As British Prime Minister Theresa May is facing a new attempt by a cross-party group of MPs to prevent a no-deal Brexit and enable parliament to force ministers to seek a delay if there is no deal in place, we believe that the UK Parliament must make one last-minute effort to find common ground on the withdrawal agreement to avoid a hard Brexit.
Luca Jahier, President of the EESC, said “if it is difficult to quantify the consequences of Brexit, we all know that it will lead to a lose-lose situation for all parties involved. It is essential to avoid a hard Brexit as it will have an unpredictable long-term impact on trade and jobs and therefore on peoples' livelihood thereby putting economic and political stability at risk.”
With just 45 days to go before Brexit happens, civil society organisations are extremely concerned that the UK and the EU seem to be far from finding an agreement for an orderly withdrawal.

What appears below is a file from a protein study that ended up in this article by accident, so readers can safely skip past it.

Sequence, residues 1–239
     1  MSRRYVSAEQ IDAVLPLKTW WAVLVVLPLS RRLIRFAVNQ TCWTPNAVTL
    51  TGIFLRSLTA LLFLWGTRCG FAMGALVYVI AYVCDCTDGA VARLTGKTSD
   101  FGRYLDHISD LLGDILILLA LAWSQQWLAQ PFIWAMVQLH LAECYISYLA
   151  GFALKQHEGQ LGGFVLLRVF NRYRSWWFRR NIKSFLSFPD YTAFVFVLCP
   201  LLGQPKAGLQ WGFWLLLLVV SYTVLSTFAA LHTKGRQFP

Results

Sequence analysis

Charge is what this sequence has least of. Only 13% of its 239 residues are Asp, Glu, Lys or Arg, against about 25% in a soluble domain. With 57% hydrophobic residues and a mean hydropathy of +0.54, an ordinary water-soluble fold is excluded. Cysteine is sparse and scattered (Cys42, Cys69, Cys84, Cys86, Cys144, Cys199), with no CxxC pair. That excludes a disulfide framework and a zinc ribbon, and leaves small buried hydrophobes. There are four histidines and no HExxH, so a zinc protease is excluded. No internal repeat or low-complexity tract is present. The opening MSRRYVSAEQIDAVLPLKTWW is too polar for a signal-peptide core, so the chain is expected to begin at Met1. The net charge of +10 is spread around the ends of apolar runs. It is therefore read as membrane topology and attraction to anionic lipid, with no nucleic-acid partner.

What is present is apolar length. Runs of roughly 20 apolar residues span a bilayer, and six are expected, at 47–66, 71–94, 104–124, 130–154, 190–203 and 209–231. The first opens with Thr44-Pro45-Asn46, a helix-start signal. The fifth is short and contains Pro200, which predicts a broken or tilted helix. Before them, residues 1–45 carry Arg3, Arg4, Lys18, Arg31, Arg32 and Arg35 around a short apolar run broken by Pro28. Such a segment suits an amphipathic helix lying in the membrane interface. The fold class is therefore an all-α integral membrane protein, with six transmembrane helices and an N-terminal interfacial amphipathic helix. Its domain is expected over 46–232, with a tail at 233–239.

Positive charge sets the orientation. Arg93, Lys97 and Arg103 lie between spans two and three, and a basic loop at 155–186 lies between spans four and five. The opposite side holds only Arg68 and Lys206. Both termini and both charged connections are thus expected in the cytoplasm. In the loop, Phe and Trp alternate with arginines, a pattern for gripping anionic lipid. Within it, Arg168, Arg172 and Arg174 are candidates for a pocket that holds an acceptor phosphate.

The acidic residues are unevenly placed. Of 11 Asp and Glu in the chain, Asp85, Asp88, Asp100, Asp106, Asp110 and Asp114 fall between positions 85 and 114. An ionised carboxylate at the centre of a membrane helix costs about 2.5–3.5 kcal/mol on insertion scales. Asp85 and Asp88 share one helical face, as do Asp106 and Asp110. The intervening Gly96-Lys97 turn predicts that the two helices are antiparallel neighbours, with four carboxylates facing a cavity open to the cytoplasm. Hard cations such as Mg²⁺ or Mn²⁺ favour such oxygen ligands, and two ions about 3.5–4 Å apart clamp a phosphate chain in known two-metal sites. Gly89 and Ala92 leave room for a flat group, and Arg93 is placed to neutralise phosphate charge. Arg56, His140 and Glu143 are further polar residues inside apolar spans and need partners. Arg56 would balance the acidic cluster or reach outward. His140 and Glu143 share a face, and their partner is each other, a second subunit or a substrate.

The EESC supports the position taken by the European Council that the withdrawal agreement agreed between the EU and Theresa May is the best deal possible as it gives the UK a chance for an orderly withdrawal whilst safeguarding the core principles of the EU and the integrity of the Single Market.
Stefano Mallia, President of the EESC Brexit Committee said that “now it is up to the UK to find an approach which commands the necessary support within Parliament. The EU cannot be expected to compromise its core values. Every additional day of uncertainty is an additional day which threatens jobs.”
The EESC has held various meetings with the EU’s Brexit chief negotiator, Michel Barnier, whose work and dedication for a win-win deal was warmly saluted in our last plenary session in January. We have also set in motion preparations to establish a structured dialogue with the UK’s civil society as soon as Brexit comes into force.
EESC President Jahier said “More than 40 years of close EU-UK relations simply cannot be thrown away. We need to build on this vast experience to ensure that we have a strong relationship with the UK as a special partner in the post-Brexit era.”